Festivities on the Southwestern Adventist University campus in Keene marked the University’s 125th birthday on Thursday, Jan. 10, with a myriad of fun activities and food directed at friends, faculty and students of Southwestern Adventist University. “We want to welcome you to a special day, our birthday.” President Ken Shaw said as he opened the special assembly. His words set the tone for the entire day’s activities.
The birthday celebration actually started the afternoon before with an interactive, campus-wide scavenger hunt that gave student participants the opportunity to win prizes, which were awarded during the weekly student assembly on Thursday afternoon.
Perhaps the highlight of the day came when a panel of current and former staff and alumni consisting of Bob Mendenhall, Bev Mendenhall, Bugger Putnam, Dale Hainey and Kisha Norris answered questions from Amy Rosenthal, Southwestern Adventist University’s VP for Academic Administration. Antique images, displayed on the screen, included Keene’s old broom factory, old bands, the University’s former indoor swimming pool, a time when Leiske-Pultar Gymnasium didn’t have walls, the Cowabunga Skiers, the Pioneer Memorial Tile Mural, and the fountain outside Findley Hall.
“I’m glad I didn’t have to work in a broom factory,” senior communication major Gabby Behrens said after the assembly. “After seeing what students did to get through school, I feel like I have it a little easier than they did. It’s still hard. Don’t get me wrong!”
Behrens states that the coolest part of the assembly was seeing how the campus has changed. “I’m jealous that they had an indoor swimming pool.”
Centennial cupcakes and guest panelists were featured during a special pop-up reception in the afternoon at the Chan Shun Centennial Library. The library was dedicated 25 years ago during the University’s Centennial Founder’s Day.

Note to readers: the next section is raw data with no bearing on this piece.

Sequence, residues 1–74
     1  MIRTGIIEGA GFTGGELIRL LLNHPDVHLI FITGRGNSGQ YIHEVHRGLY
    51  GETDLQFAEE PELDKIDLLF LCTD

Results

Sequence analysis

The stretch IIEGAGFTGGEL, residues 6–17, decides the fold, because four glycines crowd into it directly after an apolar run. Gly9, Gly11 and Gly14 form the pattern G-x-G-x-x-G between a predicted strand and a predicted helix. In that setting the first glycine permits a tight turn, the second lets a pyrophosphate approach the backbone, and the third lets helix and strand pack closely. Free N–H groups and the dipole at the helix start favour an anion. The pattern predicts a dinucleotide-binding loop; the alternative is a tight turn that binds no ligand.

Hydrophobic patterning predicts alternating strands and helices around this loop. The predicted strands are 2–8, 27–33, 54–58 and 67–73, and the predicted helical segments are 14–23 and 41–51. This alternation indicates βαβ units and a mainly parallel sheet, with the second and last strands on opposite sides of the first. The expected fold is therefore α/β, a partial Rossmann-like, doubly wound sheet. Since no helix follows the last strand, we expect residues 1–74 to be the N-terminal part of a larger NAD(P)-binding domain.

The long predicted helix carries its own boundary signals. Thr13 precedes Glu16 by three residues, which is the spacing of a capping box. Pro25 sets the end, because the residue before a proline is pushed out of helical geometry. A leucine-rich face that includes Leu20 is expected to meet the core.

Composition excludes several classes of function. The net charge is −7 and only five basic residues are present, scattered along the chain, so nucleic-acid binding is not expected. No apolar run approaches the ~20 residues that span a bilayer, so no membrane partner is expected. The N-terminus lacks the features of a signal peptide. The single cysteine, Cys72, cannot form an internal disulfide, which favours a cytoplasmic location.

Additional giveaways and refreshments were available in the afternoon at the new Larry R. Moore Nursing and Administration Building, and an interactive timeline was exhibited at Chan Shun Centennial Library.
Cristina Thomsen, library director for the Chan Shun Centennial Library, states that she came to Keene from Colorado in 1963 “as a little kid.” Her father, Eugene Thomsen, was hired to teach languages, including Spanish, German and occasionally Biblical languages.
“Keene was much smaller back then,” she says. “It felt more rural. There was a dairy. There were cows everywhere. Cows would always wander into our backyard.”
Thomsen considers Founder’s Day a “wonderful idea.” “It’s always great to stop and remember how we’ve gotten to this point. I thought it was so great that students were gazing at the maps on the screens in assembly, wondering where things were.
“Students seem to be interested in our history, and we need to look for better ways to relate campus history to them,” she says. “It seems that if our school celebrates its history and future, more people will want to be a part of that.”